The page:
Jewish blindness to their privileges, genuine or feigned, is of course one major cause for the undeniable friction between Jews and the modern Left. It was perhaps inevitable that foolish but earnest egalitarians on the Left would come to the slow realization that their ‘comrades of the Jewish faith’ were in fact not only elitists, but an elite of a very special sort. The simultaneous preaching of open borders/common property and ‘the land of the Jewish people’ was always going to strike a discordant note among the wearers of sweaty Che Guevara t-shirts, especially when accompanied so very often by the cacophony of Israeli gunfire and the screams of bloodied Palestinian children. Mass migration, that well-crafted toxin coursing through the highways and rail lines of Europe, has proven just as difficult to manage. Great waves of human detritus wash upon Western shores, bringing raw and passionate grievances even from the frontiers of Israel. These are people whose eyes have seen behind the veil, and who sit only with great discomfort alongside the kin of the IDF in league with the Western political left—the only common ground being a shared desire to dispossess the hated White man.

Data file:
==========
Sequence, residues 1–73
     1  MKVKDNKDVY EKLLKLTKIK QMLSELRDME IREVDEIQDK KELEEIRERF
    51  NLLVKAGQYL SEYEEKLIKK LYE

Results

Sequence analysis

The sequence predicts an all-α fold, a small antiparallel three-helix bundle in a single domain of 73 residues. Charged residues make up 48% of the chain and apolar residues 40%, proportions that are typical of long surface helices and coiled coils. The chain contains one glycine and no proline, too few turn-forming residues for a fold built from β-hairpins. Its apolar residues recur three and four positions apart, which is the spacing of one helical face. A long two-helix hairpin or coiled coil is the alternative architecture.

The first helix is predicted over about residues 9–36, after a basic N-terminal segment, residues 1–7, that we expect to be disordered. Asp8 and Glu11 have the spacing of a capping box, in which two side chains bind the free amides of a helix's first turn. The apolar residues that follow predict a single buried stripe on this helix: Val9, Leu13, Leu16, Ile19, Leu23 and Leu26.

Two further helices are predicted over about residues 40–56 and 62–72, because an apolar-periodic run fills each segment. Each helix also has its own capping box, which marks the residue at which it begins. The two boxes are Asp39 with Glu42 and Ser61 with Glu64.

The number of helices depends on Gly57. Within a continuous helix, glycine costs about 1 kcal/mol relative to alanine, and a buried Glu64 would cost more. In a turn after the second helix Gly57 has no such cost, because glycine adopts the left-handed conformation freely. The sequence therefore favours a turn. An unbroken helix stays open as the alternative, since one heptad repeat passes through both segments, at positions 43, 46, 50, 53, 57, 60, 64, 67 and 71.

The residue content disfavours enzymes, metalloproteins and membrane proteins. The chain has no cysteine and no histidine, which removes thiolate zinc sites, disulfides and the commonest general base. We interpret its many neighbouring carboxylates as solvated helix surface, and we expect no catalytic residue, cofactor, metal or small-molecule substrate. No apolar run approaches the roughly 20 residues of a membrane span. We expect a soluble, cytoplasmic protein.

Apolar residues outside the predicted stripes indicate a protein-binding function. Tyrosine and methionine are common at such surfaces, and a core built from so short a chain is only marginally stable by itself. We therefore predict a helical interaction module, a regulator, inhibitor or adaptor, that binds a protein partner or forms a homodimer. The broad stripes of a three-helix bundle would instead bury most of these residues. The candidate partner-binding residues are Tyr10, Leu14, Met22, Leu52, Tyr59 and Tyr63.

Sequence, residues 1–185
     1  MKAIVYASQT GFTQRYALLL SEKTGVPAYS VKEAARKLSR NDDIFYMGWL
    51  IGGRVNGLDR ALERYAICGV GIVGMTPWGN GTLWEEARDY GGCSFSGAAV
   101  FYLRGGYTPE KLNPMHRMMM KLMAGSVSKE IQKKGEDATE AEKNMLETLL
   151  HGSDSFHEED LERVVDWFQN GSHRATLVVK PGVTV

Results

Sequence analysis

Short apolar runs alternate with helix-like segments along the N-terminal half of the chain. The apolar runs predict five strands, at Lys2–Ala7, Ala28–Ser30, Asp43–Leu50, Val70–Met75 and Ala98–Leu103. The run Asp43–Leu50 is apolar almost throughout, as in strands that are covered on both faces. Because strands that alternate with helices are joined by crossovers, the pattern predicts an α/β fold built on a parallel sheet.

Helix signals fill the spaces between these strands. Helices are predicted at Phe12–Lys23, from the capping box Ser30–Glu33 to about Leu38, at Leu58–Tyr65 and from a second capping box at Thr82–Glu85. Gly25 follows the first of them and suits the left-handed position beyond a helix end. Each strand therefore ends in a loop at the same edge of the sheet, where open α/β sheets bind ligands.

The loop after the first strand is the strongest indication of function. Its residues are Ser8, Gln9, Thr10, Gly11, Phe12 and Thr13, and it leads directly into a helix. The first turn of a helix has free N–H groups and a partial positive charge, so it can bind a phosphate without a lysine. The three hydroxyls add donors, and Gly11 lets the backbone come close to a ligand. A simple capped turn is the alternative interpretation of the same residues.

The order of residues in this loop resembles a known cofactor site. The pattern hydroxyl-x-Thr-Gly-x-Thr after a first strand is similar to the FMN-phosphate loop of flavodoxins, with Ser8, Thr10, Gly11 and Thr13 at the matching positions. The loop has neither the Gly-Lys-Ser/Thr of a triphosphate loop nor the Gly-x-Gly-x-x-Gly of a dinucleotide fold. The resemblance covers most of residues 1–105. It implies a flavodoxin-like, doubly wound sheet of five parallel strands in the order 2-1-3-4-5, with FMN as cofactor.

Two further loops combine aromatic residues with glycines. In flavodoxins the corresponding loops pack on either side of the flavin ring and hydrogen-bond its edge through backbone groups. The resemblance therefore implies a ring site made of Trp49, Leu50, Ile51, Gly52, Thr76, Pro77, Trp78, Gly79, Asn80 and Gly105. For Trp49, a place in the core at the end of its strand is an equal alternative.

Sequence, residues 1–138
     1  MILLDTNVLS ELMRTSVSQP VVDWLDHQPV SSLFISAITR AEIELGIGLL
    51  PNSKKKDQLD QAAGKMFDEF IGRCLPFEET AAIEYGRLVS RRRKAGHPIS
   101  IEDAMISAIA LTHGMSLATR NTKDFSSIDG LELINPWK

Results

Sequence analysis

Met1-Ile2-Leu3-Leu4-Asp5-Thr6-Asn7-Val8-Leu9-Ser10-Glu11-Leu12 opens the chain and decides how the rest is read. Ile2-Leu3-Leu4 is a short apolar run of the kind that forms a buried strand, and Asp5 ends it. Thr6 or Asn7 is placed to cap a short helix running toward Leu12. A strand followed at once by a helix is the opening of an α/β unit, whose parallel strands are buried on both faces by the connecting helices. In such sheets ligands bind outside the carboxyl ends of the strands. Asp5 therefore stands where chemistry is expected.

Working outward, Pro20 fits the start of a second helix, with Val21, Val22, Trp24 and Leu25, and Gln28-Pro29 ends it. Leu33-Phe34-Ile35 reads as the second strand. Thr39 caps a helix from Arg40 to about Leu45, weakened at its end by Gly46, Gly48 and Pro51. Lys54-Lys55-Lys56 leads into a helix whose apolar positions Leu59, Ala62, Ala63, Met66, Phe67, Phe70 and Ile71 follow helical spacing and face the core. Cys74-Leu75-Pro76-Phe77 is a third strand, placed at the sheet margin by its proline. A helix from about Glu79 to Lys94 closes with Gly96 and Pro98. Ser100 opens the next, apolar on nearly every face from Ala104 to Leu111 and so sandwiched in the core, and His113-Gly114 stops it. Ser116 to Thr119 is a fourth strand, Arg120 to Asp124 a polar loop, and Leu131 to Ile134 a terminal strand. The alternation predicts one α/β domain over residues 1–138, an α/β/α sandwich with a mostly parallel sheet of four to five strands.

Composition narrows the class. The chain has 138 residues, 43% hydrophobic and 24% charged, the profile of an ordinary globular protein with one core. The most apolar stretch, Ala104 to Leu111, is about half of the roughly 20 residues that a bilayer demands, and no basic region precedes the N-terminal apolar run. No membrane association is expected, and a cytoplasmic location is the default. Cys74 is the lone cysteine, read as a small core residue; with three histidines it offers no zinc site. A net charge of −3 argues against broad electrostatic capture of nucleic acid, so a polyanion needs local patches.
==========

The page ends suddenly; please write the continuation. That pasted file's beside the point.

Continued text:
For these reasons, the Left could well become a cold house for Jews without becoming authentically, systematically, or traditionally anti-Semitic. One might therefore expect Jews to regroup away from the radical left, occupying a political space best described as staunchly centrist — a centrism that leans left only to pursue multiculturalism and other destructive ‘egalitarian’ social policies, and leans right only in order to obtain elite protections and privileges [domestically for the Jewish community, internationally for Israel]. A centrism based, in that old familiar formula, on ‘what is best for Jews.’ A ‘centrism’ typified to varying degrees by the Jewish clique clustering around Quillette, and promoting similarly ‘centrist’ ideological vacuums like Jordan Peterson. A ‘Jewish centrism’ that disseminates the memes of ‘leftist anti-Semitism’ and ‘liberal fascism,’ which are then greedily consumed with gusto by Corporate Conservatism, Promised Land Christians, and Beer Patriots.
Faced with such a patchwork of fictions, we might ask whether or not a ‘leftist’ or ‘radical egalitarian’ anti-Semitism’ could ever exist and, if so, what it would look like. In this regard, we would have to delve deeper into history — into ideas which prefigure Marx and Engels and correspond more closely with a true, authentic, even quasi-ethnic or ‘national’ socialism. Here the example of William Cobbett is highly instructive.